540 F.2d 975 (9th Cir. 1976), 73-2955, De Kaplany v. Enomoto
|Citation:||540 F.2d 975|
|Party Name:||Geza de KAPLANY, Petitioner-Appellant, v. J. J. ENOMOTO, [*] Director of California Department of Corrections, Respondent-Appellee.|
|Case Date:||July 09, 1976|
|Court:||United States Courts of Appeals, Court of Appeals for the Ninth Circuit|
Joseph M. Malkin (argued), Los Angeles, Cal., for petitioner-appellant.
Karl S. Mayer, Deputy Atty. Gen. (argued), San Francisco, Cal., for respondent-appellee.
Before CHAMBERS, KOELSCH, BROWNING, DUNIWAY, ELY, HUFSTEDLER, WRIGHT, TRASK, CHOY, GOODWIN, WALLACE and SNEED, Circuit Judges.
SNEED, Circuit Judge:
This case comes before us on appeal from the district court's denial of de Kaplany's habeas corpus petition seeking relief from his 1963 state conviction. The petitioner asserts that his constitutional rights were violated in four separate respects. The first such respect is that the failure of the trial court to conduct a hearing on de Kaplany's competence to stand trial constituted a denial of due process. The second is that his mental illness substantially impaired his ability to make a reasoned choice with respect to whether to plead guilty or not and that as a consequence his plea of guilty during the "guilt phase" 1 was not knowingly, intelligently, and voluntarily made. The third respect in which de Kaplany alleges his constitutional rights were impaired is that ineffective counsel deprived him of a fair trial. Finally, he contends that the massive, pervasive, and prejudicial publicity that attended his prosecution deprived him of a fair trial.
The district court, after a thorough and comprehensive hearing, denied the petition in all respects. We affirm the district court in all respects. 2
Absence of Hearing On Competency To Stand Trial.
Much of petitioner's effort is directed toward establishing that prior to judgment in the state proceedings in which he was convicted the judge conducting such proceedings ought to have entertained a bona fide doubt about the competency of the petitioner to stand trial and, in keeping with the teaching of Pate v. Robinson, 383 U.S. 375, 86 S.Ct. 836, 15 L.Ed.2d 815 (1966) and Drope v. Missouri, 420 U.S. 162, 95 S.Ct. 896, 43 L.Ed.2d 103 (1975), should have ordered a hearing to determine such competency. The evaluation of this contention requires both a brief description of the petitioner's trial and certain portions of the evidence presented therein as well as an analysis of the applicable legal principles.
We turn first to the brief description of the trial and the pertinent evidence. The district court in which this petition was heard set forth in its opinion a chronology of events which we adopt and set forth in the margin. 3 This chronology reveals that prior to the commencement of jury selection on January 7, 1963 three psychiatrists appointed by the trial court had examined the petitioner and that two of them, Drs. Johnsen and Rappaport, had filed their written reports with the trial court. Dr. Johnsen's report stated that the petitioner was "sane at the time of the commission of the alleged crime and that he is presently sane." Dr. Rappaport in his report stated that the petitioner was "presently suffering from no mental illness and is able to cooperate with counsel and to assist counsel in the preparation and presentation of a rational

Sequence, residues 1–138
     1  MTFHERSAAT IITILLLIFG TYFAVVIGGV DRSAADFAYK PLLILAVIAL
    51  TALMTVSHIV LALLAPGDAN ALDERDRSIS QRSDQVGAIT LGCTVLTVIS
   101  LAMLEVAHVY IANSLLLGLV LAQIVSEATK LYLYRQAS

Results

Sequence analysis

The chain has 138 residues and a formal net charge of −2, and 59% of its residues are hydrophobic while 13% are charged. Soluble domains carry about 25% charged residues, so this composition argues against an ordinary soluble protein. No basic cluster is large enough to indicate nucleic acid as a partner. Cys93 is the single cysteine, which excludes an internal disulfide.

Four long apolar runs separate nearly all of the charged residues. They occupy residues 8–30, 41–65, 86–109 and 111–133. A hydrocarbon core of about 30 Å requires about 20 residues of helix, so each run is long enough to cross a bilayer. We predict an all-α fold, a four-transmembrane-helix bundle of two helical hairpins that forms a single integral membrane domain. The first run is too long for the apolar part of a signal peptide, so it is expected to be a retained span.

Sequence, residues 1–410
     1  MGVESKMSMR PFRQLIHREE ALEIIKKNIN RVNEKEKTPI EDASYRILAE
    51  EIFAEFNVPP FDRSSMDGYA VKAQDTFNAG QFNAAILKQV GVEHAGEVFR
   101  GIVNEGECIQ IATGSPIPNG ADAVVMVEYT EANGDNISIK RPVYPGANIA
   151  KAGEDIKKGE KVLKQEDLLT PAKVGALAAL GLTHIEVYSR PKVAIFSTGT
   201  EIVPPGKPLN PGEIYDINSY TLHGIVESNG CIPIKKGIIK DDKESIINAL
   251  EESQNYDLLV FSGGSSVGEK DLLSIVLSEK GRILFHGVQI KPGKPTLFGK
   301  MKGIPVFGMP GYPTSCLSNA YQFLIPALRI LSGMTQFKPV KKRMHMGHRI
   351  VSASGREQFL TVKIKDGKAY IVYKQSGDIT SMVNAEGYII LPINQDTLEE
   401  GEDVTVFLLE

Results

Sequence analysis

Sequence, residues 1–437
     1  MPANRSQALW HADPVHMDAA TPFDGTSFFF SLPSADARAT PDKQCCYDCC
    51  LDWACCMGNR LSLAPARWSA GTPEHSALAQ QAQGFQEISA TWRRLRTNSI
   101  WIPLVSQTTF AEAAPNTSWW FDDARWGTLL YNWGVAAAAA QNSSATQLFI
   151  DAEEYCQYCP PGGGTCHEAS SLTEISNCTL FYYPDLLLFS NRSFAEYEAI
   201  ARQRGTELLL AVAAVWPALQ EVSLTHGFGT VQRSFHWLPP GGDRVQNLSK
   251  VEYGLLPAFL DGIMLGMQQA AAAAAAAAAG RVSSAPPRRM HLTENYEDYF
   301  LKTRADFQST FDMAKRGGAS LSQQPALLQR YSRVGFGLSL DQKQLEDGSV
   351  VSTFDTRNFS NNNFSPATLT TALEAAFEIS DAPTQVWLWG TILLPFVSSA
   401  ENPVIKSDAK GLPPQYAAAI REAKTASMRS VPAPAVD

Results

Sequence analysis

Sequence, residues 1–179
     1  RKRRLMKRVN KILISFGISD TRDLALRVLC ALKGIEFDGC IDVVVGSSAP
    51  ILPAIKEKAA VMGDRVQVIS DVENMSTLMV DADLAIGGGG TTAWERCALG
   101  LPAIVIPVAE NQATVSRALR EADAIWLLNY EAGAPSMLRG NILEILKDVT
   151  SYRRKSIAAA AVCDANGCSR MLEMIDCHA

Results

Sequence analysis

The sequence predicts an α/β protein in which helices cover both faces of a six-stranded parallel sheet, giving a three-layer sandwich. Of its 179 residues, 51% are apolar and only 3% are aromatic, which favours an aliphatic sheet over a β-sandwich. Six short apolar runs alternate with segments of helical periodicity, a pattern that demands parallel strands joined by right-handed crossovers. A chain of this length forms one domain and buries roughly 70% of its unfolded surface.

defense." The third report, that of Dr. Shoor, was filed on February 8, 1963 and stated that, while the petitioner displayed "some suicidal thinking of the obsessional variety," he was "sane now and at the time of the commission of the alleged offense."
On January 14, 1963, the guilt phase of the petitioner's trial began. On the second day of the trial, in response to the prosecution's exhibiting in the courtroom a gruesome morgue photograph of his slain wife's body, the petitioner jumped to his feet shouting "No, no, what did you do to her?" He was forcibly restrained and reseated. The next day petitioner changed his plea to guilty. The hearing in the district court on this petition contains testimony by petitioner's attorney in the state trial that the guilty plea was a vital part of his strategy to preclude a long trial on guilt during which the jury repeatedly would be confronted with the gruesome nature of the petitioner's crime. By moving quickly to the sanity phase the attorney believed the petitioner would be positioned more favorably with respect to the jury. The habeas hearing also indicates, however, that the petitioner resisted this strategy for some time although its purpose was known to him. His resistance sprang from his belief that he was not guilty because he had not intended to kill his wife. Although he asserted his resistance was broken by coercion on the part of his attorney, this was vigorously denied by the attorney and the district court found that he was not coerced. This finding is adequately supported by the evidence and is not clearly erroneous.